Frequently Asked Questions
- Is the Wilkes Honors College a public institution?
- How does the Wilkes Honors College differ from Honors Programs and other Honors Colleges?
- What have graduates of the Honors College gone on to do?
- Does the Honors College accept advanced placement (AP) or International Baccalaureate (IB) credit?
- How do we evaluate the International Baccalaureate?
- How is high school GPA used in the admissions decision?
- Are we participating in the Florida Prepaid Program?
- Do we accept transfer students?
- Will the Honors College prepare me for medical school, law school, or other professional programs?
- What opportunities are there for athletes who want to compete in collegiate sports?
- What intramural sports do we offer?
- What is the size of the student body?
- What degrees are granted?
- Why does the Honors College have concentrations instead of majors?
- Is there a place for a person like me?
- Am I required to live on campus?
Yes, the Wilkes Honors College is a selective public college - part of the Florida state university system. Students will receive an education comparable to that of a small private liberal arts college but for a small fraction of the cost.
In honors programs or at most other Honors Colleges, students take a limited number of honors courses or seminars, with the majority of their courses being the same as the courses taken by non-honors students at their university. At the Wilkes Honors College, our students take a full curriculum of honors courses designed for them.
Also, at most other Honors Colleges, faculty teach only one or a few of their courses as honors courses, while the majority of their teaching is in their regular department at the University. At the Wilkes Honors College, the Honors College faculty are housed full-time in the Honors College. This allows our students and faculty to form a living-learning community that lasts throughout the students' undergraduate careers.
At the same time, our students and faculty are able to take advantage of the resources of FAU, a large and expanding public university with a wealth of opportunities.
Our students place into outstanding graduate and professional schools. Wilkes Honors College graduates have gone on to law school, medical school, and graduate programs in areas such as chemistry, rhetoric, English, psychology, mathematics, neuro-psychology, and political science: a selected list is available online. Other students went directly to work, be it for businesses such as banks and investment firms, the healthcare industry, nonprofits, or for government.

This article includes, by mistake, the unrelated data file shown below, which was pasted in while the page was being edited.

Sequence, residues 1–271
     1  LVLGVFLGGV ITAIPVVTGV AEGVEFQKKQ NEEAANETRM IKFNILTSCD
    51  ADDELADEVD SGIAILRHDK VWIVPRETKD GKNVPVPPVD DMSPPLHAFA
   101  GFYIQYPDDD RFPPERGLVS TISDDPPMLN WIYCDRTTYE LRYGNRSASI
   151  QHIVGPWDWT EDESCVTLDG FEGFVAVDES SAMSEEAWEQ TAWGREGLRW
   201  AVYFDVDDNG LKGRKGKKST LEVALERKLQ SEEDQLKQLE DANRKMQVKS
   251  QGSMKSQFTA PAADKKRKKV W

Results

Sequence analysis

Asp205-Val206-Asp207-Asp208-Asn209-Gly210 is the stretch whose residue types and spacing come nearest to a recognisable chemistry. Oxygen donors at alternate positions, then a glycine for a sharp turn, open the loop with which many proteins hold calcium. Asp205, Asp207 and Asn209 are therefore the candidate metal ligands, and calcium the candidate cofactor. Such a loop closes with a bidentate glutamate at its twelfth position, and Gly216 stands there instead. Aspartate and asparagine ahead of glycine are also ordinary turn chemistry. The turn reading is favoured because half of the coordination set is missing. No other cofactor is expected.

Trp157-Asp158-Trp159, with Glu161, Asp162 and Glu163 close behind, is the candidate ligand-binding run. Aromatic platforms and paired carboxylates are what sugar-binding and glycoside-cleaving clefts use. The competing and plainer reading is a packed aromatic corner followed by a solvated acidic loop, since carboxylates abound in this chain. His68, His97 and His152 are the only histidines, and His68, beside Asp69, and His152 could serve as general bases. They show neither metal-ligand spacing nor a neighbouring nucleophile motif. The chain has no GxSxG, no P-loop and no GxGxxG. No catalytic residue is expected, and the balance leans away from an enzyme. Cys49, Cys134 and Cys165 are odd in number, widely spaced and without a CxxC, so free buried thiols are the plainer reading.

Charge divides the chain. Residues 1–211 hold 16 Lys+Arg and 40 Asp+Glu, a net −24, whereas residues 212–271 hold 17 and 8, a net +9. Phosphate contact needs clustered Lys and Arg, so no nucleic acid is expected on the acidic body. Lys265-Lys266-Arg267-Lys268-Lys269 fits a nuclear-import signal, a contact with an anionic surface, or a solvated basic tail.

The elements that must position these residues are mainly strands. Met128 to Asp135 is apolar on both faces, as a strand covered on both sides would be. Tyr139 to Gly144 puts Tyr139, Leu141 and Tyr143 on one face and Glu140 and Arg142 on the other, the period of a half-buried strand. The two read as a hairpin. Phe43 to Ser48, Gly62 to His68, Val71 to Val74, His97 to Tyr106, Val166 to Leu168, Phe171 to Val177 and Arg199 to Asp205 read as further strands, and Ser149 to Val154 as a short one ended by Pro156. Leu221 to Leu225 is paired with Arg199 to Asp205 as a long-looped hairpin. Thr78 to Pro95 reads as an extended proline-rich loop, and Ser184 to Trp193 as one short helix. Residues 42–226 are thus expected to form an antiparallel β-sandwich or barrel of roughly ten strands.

Yes. Students may earn credits for AP examinations as specified in the Florida Atlantic University catalog. In most cases credit is given for a score of 3 or above though for some examinations, such as history, a score of 4 or 5 is required. We will accept up to 45 credits for accelerated work done prior to entering the Honors College. Advanced Placement credits may be counted towards Honors Core requirements. Students arriving with 30 credits will be eligible for sophomore standing.
The Honors College awards credit based on scores achieved on IB Diploma program examinations. Students who have not been awarded the IB Diploma will be awarded 6 credit-hours in the subject areas of each IB higher level examination on which they scored 5 or above. Students with a score of 4 on subject areas will receive 3 credit-hours. Students who have been awarded the IB Diploma will be awarded up to 30 credit hours. For further details consult the FAU catalog.
We use statewide criteria. For example, only non-elective courses (English, mathematics, science and social sciences) will be included in the calculation.TOP
Yes. Transfer students who are qualified will be accepted on a space available basis.
The Honors College will provide excellent preparation for medical school. You should keep in mind that admission to medical school does not require any particular major. Instead, it requires a strong academic record, a competitive MCAT (Medical College Admission Test) score and the completion of certain prerequisite courses. The Honors College will offer all of these courses as well as assistance with MCAT preparation and with the application process. This also applies to students who intend to enter other health professions such as dentistry, optometry, pharmacy, veterinary medicine, and physical therapy.